Hemingway in Paris
PARIS — Ernest Hemingway lived in Paris from 1921-28 and moved here before he was a best-selling author. It was here where he penned “The Sun Also Rises” and “A Farewell to Arms.” It was here where he became an international literary superstar who remains legendary to this day.
It was here — right here, right where I’m sitting in this tony bar in the bustling Montparnasse section of Paris — where Hemingway did most of his writing. I learned this when I put down my glass of Bourgogne Chardonnay and asked the bartender where Hemingway did most of his writing.
“You’re sitting in it, Ernest,” he said with a laugh.
He pointed in front of me. There on a tiny gold plaque was the name “ERNEST HEMINGWAY.” I was sitting in his favorite barstool. Hemingway isn’t my favorite writer. Pat Conroy and Hunter Thompson battle it out for that honor, depending on my mood and level of alcohol. A lot of Hemingway I didn’t like. I read “The Snows of Kilimanjaro” twice and have no idea what he tried to say. I thought “The Green Hills of Africa” was a colossal bore. Hemingway’s writing style was so crisp it cracked: “Rain came down. Rain is cool. Rain is good.” That’s it. However, “The Old Man and the Sea” was fantastic and his feature on Benito Mussolini, based on a rare interview with him, remains one of the best stories I’ve ever read in a newspaper.
He wrote it for The Toronto Star which he worked for as a foreign correspondent when he went to Paris at 22. While he moved overseas at the beginning of his career, I moved at the end of my career. I retired to Rome in January 2014. I wrote a traveling food column for The Denver Post called “A Moveable Feast,” the same title of his book about life in Paris. Our similarities pretty much stop there. His to-do lists had more readers than the one book I wrote.
His move here fascinated me so on a recent visit I retraced his life. The barstool is in Closerie des Lilas, the epicenter of Paris’ literary elite in the 1920s with the likes of Gertrude Stein, Samuel Beckett and Jean-Paul Sartre joining Hemingway at the same bar where I sat. I arrived at the Closerie on a postcard-perfect sunny afternoon in Paris. The city is coming out of a long winter and no one wanted to sit inside on a bright sunny day inching toward 20 degrees. Parisians were all outside, wearing sunglasses, picking at nicoise salads and baguette sandwiches and tuna tartare.
Hopefully, his old surroundings would inspire me. He spent most of his Paris life right around my neighborhood in the Latin Quarter. His two apartments are just up Rue Monge from me. The first is on a quiet side street next to the Cafe Bo LeDescantes. A small plaque next to a bright blue door indicates the second-story apartment window where he spent some of his life in 1920-21.
The second apartment is just around the corner on Rue Descartes. He obviously upgraded. Two big, ornately decorated black doors lead into a bright, white apartment building with 19th century guardrail on all the balconies. A romantic cafe, La Maison de Verlaine, is right below it.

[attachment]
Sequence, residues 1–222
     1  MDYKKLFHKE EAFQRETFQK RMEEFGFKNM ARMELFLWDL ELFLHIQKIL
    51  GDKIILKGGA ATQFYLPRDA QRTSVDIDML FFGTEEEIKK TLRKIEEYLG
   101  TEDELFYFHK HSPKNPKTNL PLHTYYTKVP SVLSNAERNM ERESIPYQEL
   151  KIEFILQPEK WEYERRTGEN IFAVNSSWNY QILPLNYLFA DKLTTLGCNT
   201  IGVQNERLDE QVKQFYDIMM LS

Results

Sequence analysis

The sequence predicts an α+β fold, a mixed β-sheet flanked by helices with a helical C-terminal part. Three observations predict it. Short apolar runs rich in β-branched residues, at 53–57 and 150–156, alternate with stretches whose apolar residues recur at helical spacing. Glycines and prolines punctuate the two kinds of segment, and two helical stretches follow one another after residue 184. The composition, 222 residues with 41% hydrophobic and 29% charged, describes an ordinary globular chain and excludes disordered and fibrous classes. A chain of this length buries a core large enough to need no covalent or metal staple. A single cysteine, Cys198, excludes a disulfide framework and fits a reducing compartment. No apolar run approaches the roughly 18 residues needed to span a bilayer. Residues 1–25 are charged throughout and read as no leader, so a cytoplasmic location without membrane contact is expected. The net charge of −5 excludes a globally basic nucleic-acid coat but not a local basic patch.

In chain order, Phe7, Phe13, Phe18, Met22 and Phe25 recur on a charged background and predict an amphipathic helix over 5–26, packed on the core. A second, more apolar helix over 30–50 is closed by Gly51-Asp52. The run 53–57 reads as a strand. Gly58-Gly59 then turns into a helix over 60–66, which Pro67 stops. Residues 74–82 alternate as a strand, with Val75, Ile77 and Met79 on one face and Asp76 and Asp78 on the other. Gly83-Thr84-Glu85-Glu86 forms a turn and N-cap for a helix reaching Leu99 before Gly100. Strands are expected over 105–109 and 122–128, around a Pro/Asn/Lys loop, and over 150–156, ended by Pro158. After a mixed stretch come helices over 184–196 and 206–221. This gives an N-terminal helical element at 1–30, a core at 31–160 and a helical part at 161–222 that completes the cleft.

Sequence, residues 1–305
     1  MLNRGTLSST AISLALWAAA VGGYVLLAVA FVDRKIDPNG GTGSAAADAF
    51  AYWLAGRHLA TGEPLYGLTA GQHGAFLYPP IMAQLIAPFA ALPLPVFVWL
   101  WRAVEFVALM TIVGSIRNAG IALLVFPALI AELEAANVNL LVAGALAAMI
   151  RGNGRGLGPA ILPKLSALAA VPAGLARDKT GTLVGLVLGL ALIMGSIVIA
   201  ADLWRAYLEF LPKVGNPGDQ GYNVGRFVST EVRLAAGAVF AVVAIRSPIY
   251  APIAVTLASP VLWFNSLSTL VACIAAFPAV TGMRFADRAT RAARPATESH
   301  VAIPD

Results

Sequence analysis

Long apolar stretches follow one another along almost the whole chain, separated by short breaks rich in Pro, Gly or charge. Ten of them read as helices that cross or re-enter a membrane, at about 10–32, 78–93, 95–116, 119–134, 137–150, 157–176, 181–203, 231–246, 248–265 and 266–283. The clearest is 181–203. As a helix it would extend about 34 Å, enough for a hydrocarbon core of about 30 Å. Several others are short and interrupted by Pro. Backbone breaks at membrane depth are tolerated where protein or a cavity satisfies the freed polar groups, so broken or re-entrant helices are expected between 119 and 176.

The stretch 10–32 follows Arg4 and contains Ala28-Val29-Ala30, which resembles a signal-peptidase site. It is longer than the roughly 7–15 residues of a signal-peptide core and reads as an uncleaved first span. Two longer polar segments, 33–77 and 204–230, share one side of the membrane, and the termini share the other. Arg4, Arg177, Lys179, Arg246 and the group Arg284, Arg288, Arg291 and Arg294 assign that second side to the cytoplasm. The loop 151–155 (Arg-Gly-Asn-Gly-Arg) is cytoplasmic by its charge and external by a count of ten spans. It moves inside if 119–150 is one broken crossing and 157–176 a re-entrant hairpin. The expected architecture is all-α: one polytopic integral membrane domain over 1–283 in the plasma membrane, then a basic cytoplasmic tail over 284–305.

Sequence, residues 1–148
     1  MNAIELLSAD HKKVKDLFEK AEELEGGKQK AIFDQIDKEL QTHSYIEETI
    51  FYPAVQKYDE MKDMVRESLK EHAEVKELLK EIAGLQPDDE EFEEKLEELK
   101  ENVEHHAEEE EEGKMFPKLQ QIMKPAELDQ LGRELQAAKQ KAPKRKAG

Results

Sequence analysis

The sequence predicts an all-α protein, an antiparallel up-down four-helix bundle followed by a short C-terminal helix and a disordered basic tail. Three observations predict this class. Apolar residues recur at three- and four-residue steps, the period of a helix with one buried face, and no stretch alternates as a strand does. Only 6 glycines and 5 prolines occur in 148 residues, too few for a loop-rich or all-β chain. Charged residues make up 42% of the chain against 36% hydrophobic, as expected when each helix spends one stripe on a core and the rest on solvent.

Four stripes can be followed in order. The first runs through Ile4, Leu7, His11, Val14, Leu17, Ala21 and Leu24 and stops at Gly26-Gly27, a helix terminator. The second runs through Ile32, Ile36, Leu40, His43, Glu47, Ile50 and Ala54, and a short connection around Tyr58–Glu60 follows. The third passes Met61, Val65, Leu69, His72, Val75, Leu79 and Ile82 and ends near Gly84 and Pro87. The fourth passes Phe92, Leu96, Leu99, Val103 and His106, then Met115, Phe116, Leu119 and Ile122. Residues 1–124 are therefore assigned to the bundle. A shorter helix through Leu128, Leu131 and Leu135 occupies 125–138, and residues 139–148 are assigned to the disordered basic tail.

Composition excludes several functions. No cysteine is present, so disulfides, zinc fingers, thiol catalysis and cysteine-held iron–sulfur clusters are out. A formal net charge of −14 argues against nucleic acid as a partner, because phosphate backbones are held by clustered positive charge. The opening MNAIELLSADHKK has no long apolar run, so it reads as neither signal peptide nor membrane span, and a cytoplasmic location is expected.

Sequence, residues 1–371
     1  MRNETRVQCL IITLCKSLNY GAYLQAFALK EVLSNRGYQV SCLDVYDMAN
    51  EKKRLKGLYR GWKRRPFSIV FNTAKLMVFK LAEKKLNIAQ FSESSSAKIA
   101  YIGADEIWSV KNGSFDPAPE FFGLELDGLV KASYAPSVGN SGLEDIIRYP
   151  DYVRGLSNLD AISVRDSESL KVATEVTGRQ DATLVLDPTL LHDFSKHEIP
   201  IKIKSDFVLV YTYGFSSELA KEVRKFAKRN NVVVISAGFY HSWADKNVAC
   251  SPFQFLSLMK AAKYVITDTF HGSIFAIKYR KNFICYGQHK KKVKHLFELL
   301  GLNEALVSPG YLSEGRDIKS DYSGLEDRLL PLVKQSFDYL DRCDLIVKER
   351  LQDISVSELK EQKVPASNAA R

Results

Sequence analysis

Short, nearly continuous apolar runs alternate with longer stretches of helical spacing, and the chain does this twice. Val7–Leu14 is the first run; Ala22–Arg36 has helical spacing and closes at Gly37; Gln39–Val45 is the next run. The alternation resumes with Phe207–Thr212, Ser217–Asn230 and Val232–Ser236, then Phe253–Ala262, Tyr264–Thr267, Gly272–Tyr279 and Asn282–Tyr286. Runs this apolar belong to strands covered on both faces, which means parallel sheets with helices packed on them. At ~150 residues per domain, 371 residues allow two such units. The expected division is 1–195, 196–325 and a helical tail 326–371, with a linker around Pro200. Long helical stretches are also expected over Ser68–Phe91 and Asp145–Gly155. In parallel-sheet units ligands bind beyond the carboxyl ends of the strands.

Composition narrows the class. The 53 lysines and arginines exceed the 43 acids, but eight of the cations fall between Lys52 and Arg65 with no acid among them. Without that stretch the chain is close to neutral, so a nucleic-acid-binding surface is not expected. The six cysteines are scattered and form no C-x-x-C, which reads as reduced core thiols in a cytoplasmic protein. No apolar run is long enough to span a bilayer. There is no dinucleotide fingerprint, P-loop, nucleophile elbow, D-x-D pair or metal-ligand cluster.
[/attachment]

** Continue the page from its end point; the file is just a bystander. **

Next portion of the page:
Even in his 20s, Hemingway owned Paris. It was a great time to be here. France was coming out of World War I and the French were falling in love again. Artists were worshipped. Every day Hemingway wrote words that would be cherished for eternity and every night he drank and fought and loved.
The Closerie bartender, Damien, couldn’t have been more friendly if he was a paid tour guide. I asked him how much the place had changed since Hemingway was going through women like cocktail straws.
“The bar is the same,” he said before pointing to a partition where diners were separated by big brass rails. “They added the brasserie and the outdoor tables but the bar is exactly the same.”
“So this is where Hemingway drank and fought,” I said.
“Yes,” he said, “and fell.”
As the Chardonnay went down, the questions went up. I pulled myself out of 1920s nostalgia to ask him about 21st century Paris. He pinched his lips to his nose, as if he was sipping a rotten Cotes du Rhone.
“It is a mess,” he said. “Violence. Anger. Poverty. Ten years ago everyone was happy. Not anymore.”
Unemployment is up and so is anger. Immigration is being blamed and many are taking it upon themselves to do something about. Vigilante gangs are roaming Paris’ suburbs going after ethnic groups taking jobs. The murders in the Charlie Hebdo newspaper office have Muslims in France, where 6 million of them live, fearing reprisals.
I asked Damien about soccer. He’s not a Paris-St. Germain fan. He loves basketball, particularly the San Antonio Spurs. Tony Parker, the best player France ever produced, is one of its stars.
“Tony Parker is a hero,” Damien said.
“But how could he cheat on Eva Longoria?”
“Ah!” Damien said, raising his hand as in the French “So what?” gesture, “but he is French!”
Afterward, I went to one of Hemingway’s dining haunts, La Rotonde, right down the street on busy Boulevard du Montparnasse. It’s a classic corner Paris restaurant with a couple dozen tables pointed to the busy intersection. Tuxedoed waiters scurried about with big silver trays of food and wine. I ordered Burgundy escargot in garlic sauce and leg of lamb with a nice Sauvignon Blanc from Bordeaux. I slurped snails, ate lamb and drank wine chilled out of an ice bucket the rest of the afternoon as I watched Paris walk by.
I’m reading this again and it doesn’t look like Hemingway’s barstool rubbed off on my blog. Then again, when you follow in Hemingway’s footsteps, you know you’ll always have a good time.